Were VHS rewinders snake oil?

Discussion in 'Visual Arts' started by 2trackmind, Nov 4, 2018.

  1. Gems-A-Bems

    Gems-A-Bems Forum Resident

    Location:
    The Duke City
    What most people didn’t realize at the time, unfortunately, is rewinding VHS tapes immediately after viewing is bad for the tape.

    A rewound tape is tighter than a tape that is just wound through normal play and the tighter a tape is wound the worse the condition of the tape becomes.

    The best thing to do is rewind the tapes just prior to viewing. And while those old rewinders could still be used for that they still weren’t great for the tapes.

    Edit - I see @Pinknik already covered this while I was typing.
     
  2. SizzleVonSizzleton

    SizzleVonSizzleton The Last Yeti

    If you kept your receipt I can give you store credit, but unfortunately I can't refund your money! :cool:
     
  3. Splungeworthy

    Splungeworthy Forum Rezidentura

    They worked better than the DVD rewinders.
     
    Pinknik likes this.
  4. Pinknik, Simon A and uzn007 like this.
  5. Humanoid_Z

    Humanoid_Z Active Member

    Location:
    Canada and China
    still better than green markers
     
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  6. SandAndGlass

    SandAndGlass Twilight Forum Resident

    But, if you notice the predominant color. Just having "Green" close to a DVD has to be a good thing.

    I gotta have one of these. I could have a lot of fun showing guests how an "audiophile" always uses his DVD rewinder, prior to placing the played DVD back into it's case.

    This way it is sure to be ready to start at the beginning of the tape the next time that it is played.
     
  7. SandAndGlass

    SandAndGlass Twilight Forum Resident

    VHS tape machines were mechanical horrible monstrosities. The motors would wear and slow down.

    Anything you could do to take the load off of a tape machine, you did.

    An average rewinder, might have cost $8.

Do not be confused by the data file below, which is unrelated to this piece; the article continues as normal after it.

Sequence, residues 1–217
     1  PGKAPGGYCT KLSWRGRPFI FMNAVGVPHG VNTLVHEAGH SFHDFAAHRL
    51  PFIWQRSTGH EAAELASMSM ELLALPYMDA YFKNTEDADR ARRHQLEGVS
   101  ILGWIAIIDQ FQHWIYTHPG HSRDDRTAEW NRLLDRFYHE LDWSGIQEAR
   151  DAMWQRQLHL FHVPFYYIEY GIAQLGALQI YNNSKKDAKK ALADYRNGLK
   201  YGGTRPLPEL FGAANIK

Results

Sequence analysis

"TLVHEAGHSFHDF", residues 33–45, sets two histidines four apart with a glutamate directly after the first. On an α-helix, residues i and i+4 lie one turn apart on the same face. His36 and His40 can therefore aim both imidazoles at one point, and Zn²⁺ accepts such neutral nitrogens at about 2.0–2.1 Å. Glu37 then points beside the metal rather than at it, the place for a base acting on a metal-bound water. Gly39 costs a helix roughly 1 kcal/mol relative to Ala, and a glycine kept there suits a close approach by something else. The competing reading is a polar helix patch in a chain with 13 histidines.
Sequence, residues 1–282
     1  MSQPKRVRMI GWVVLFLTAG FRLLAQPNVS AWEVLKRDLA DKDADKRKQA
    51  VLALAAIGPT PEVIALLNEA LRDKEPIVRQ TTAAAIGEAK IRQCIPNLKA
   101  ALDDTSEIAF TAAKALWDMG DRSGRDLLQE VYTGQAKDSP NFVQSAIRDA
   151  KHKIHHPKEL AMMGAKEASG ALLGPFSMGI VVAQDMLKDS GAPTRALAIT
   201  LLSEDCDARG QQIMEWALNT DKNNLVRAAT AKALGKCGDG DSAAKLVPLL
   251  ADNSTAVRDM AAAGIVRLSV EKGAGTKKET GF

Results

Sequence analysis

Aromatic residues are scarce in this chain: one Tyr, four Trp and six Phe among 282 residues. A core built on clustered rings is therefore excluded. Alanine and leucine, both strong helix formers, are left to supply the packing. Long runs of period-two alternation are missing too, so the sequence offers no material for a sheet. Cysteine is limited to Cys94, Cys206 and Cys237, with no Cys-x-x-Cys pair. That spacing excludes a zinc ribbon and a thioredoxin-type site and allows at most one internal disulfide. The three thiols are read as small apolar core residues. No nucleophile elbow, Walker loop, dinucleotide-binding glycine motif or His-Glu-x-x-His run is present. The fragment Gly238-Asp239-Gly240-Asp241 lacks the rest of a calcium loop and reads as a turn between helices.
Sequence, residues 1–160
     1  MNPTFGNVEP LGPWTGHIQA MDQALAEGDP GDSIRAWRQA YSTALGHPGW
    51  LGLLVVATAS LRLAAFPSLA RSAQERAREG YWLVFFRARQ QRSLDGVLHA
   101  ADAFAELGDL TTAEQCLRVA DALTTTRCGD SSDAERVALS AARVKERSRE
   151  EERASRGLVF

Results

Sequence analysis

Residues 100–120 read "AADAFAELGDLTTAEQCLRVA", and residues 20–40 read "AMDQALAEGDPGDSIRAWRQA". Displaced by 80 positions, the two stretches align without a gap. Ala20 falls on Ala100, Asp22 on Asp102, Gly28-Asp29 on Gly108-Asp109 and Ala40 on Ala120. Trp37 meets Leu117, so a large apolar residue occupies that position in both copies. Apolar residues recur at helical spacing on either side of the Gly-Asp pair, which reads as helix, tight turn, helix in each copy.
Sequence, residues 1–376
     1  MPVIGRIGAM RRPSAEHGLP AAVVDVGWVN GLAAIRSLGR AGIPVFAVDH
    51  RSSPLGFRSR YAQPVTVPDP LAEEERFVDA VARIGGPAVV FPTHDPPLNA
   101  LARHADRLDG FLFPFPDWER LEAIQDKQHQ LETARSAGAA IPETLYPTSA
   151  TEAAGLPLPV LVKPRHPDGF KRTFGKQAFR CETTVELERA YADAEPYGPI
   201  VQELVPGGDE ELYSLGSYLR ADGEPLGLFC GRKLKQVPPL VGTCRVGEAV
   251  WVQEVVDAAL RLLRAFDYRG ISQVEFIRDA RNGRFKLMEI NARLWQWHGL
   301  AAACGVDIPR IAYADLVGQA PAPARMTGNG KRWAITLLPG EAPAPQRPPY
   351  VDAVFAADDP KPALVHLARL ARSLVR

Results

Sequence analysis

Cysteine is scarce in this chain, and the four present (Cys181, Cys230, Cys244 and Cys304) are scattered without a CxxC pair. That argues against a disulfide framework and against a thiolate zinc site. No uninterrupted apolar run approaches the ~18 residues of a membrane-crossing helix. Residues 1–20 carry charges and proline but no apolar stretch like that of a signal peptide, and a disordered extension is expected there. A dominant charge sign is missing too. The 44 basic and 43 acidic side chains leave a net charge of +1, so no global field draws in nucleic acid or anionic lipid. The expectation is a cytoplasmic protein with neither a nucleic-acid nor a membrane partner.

An average VCR about $500 + the cost of repairs and adjustments.

    It is money well spent!
     
  8. hvbias

    hvbias Forum Resident

    Location:
    Northeast
    All of the VCRs we owned would have been your average model you could have bought at a Sears, I don't think we owned more than 2 or 3 of them and they did see quite a bit of use. I only became a videophile towards the start of the BD era, when it became obvious that this was a giant leap in fidelity. I remember the rewinders were the most common device you'd find in the cheap electronics bins.

    We lived in Canada and the US in the VHS era I don't think I've ever encountered a video store (mom and pop or chain) that charged for not rewinding a tape. It was always just a courtesy from places I rented from.
     
    Last edited: Nov 8, 2018
  9. SandAndGlass

    SandAndGlass Twilight Forum Resident

    Blockbuster had rewind fees.
     
  10. dewey02

    dewey02 Forum Resident

    Location:
    The mid-South.
    Exactly. Look at a tape that's played at standard speed through your VHS machine and you will see it is very smoothly wound. Then look at a tape that has been rewound (either in VHS or via rewinder) and it is all over the place. Storing them for extended periods in that condition was said to not be a good thing. I read about this many years ago (during the VHS era) and always left my tapes unwound until I was going to play them again. Did it make any difference? I never knew.
     
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  11. Holy Socks

    Holy Socks Active Member

    Location:
    Auburn CA
    Very handy device, especially when you rented a whole bunch of rentals all at once. My best one was made by Kinko.
     
  12. MRamble

    MRamble Forum Resident

    You're not sold?

    We were there. You were not. (Going by your posts you didn't actually live through this period.)

    The rewinders served a purpose. What if you needed to rewind a tape but the VCR was currently being used because you were watching a movie or something? Why wait till the movie was over to then rewind the next tape? You'd pop it in the rewinder so it'd be ready for you. This was common issue during a movie night.

    The concern over wear and tear was real and not paranoia. I had many VCR's that would eat up--and ruin---tapes. Using your VCR as a rewinding machine on top of normal daily use was a risk of wearing down the parts and causing issues later.

    The VCR was probably the most important machine in the house growing up. Considering all the stuff we'd tape off the TV/cable; we definitely made sure to take good care of it.
     
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  13. 2trackmind

    2trackmind Forum Resident Thread Starter

    Location:
    MA
    I'm not sure where you got that from. I was there. I owned VCRs back then. Never a dedicated rewinder. I never knew anyone else that owned one either.
     
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  14. But that smooth wind is so pretty! :D
     
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  15. Simon A

    Simon A Arrr!

    Same here. National Video in the 80's. Perfect job for a teenager at the time. Some of our evening customers complained because we'd play Eddie Murphy's Delirious all the time. :D
     
    eric777 likes this.
  16. eric777

    eric777 Rock Star

    Location:
    Tennessee
    Yeah, it was a great job. I worked at a store called Movie Mart in 1992. I really miss that store.
     
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